Marfan syndrome is a rare disorder. It causes a defect in the body’s connective tissue. Connective tissue supports and connects many of the body's structures. As a result, Marfan syndrome affects many organ systems, including: Skeleton—particularly jointsHeart and the aorta, the artery that leads from the heartLungsEyesHeart and blood vessels
Marfan syndrome is caused by a defect in a gene. The gene controls a protein needed to build connective tissue.
In almost all cases, the defective gene is passed from a parent. In very rare cases, the defect can be caused by a mutation.
Factors that increase your risk of Marfan Syndrome include: Family members with Marfan syndromeIncreased age of parents at the time of a child's birth
Symptoms of Marfan syndrome range from mild to severe. It can affect one or many parts of the body. Some symptoms may be evident at an early age. Others may develop later in life. Some symptoms may worsen with age.
Symptoms are listed according to parts of the body they affect:
Abnormalities of the heart valves and blood vessels
Mitral valve prolapse
—can lead to leakage of the mitral valve
Irregular heart rhythm
Weakened or stretched aorta—
Can lead to
Interior of Heart
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Tall slender buildLoose jointsUnusually long legs, arms, fingers, and toesCrowded teethMalformed breastboneCurved spineHigh, arched palate in the mouthRisk for bone thinning in adult life
Weakening of the supportive tissue of the spine with ageBack pain
Marfan syndrome is difficult to diagnose. There is no specific test for the condition. A physical exam will be done. It will study your medical history and your family's medical history. Other tests that may be done include the following:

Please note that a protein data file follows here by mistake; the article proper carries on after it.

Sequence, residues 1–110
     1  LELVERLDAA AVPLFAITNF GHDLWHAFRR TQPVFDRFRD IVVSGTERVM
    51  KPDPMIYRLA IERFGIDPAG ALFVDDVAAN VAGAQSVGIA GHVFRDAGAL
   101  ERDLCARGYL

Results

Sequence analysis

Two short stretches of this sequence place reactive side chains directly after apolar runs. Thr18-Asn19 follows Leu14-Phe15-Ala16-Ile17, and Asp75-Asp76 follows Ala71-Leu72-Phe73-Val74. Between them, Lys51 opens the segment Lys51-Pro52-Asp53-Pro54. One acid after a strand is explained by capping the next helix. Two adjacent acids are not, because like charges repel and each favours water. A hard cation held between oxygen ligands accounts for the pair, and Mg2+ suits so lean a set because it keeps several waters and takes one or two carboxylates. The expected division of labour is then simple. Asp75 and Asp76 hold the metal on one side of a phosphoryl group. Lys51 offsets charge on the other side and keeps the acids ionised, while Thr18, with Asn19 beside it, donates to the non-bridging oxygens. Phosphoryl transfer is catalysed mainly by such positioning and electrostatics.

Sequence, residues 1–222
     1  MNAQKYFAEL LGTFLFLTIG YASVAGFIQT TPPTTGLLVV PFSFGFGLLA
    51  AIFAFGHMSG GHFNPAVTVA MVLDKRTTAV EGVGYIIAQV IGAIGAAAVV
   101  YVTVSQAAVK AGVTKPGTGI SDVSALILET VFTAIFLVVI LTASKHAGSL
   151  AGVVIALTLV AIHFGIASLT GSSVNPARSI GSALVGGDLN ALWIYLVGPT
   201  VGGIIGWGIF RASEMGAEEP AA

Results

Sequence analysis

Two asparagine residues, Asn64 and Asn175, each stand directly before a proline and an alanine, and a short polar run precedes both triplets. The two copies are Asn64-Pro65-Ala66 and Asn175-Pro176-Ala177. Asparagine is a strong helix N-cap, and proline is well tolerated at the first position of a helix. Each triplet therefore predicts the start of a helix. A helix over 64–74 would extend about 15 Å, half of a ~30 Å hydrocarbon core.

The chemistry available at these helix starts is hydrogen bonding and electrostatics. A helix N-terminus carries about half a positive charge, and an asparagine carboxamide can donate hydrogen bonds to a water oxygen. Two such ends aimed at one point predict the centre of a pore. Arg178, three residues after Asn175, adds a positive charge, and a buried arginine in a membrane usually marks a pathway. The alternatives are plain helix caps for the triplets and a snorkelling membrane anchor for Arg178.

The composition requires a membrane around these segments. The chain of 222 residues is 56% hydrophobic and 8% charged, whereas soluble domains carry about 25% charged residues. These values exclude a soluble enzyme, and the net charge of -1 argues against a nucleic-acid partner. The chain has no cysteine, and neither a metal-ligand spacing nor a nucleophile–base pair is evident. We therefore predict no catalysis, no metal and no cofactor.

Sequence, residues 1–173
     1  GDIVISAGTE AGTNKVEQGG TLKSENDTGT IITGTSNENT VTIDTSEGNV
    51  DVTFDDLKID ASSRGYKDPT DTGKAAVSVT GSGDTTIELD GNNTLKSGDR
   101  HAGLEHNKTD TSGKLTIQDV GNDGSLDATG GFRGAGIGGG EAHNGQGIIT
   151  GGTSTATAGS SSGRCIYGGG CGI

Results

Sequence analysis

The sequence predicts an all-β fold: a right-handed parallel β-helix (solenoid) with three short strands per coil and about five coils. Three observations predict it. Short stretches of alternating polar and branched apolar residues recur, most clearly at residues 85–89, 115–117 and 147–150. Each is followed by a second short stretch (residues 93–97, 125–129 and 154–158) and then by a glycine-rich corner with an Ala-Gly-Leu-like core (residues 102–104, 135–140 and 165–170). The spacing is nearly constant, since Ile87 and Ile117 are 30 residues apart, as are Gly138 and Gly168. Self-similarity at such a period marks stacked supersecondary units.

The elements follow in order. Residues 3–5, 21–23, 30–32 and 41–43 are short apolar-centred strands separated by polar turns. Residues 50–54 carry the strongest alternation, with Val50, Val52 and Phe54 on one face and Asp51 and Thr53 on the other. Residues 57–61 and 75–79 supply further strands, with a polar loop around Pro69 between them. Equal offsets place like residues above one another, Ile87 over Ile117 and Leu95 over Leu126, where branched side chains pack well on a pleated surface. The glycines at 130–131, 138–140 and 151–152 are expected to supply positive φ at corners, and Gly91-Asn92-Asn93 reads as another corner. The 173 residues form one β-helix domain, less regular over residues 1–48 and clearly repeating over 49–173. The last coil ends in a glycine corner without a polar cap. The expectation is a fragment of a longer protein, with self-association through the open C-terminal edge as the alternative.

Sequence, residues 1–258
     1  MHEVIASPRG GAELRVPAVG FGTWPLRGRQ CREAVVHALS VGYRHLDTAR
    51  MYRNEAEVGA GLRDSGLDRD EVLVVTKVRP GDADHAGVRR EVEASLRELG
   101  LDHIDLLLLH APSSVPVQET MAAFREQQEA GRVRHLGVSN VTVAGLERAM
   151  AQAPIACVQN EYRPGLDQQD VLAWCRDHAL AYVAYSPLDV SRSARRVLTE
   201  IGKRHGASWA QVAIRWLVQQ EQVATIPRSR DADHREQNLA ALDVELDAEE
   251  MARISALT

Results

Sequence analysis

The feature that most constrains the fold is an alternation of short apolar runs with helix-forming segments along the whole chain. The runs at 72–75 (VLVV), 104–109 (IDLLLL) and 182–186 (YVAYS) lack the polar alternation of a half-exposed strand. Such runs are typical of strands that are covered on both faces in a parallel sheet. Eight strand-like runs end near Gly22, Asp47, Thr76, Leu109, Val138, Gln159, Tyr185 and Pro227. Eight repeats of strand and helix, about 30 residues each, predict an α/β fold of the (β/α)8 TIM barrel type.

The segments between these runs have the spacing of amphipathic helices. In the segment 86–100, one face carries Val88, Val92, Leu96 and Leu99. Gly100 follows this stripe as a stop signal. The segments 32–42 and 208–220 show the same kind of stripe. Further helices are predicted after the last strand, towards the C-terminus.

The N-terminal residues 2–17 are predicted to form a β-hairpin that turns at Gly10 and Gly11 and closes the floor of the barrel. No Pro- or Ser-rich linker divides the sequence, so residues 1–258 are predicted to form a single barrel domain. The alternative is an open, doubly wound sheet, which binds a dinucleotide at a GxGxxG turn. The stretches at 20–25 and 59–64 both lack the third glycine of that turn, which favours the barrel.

You may need to have your heart examined. This can be done with an
You may need to have a complete eye exam.
If you have Marfan syndrome, your first-degree relatives, such as parents, brothers, and sisters, should be screened for the disorder.
There is no cure. Treatment is aimed at preventing or reducing complications or symptoms.
Treatment may include:
Regular monitoring of the heart and aorta with:
Regular check-upsEchocardiogramsAvoiding strenuous exercise or contact sports as directed by your doctorHeart medications such as beta-blockers—
is currently being investigated in aortic aneurysm preventionClose monitoring of pregnant women with Marfan syndromeSurgery to repair or replace a defective heart valve or aorta
Regular eye exams to check for eye problemsEyeglasses or contact lenses to correct myopia or problems with the eye lensEye surgery for severe problems
Regular physical exams to monitor for bone problems, especially during adolescenceOrthopedic brace or surgery in severe cases
Your doctor may recommend exercises or medication to relieve pain caused by spinal weakness.
There are no guidelines for preventing Marfan syndrome. You can contact a genetic counselor to determine the risk of passing the condition on to your child.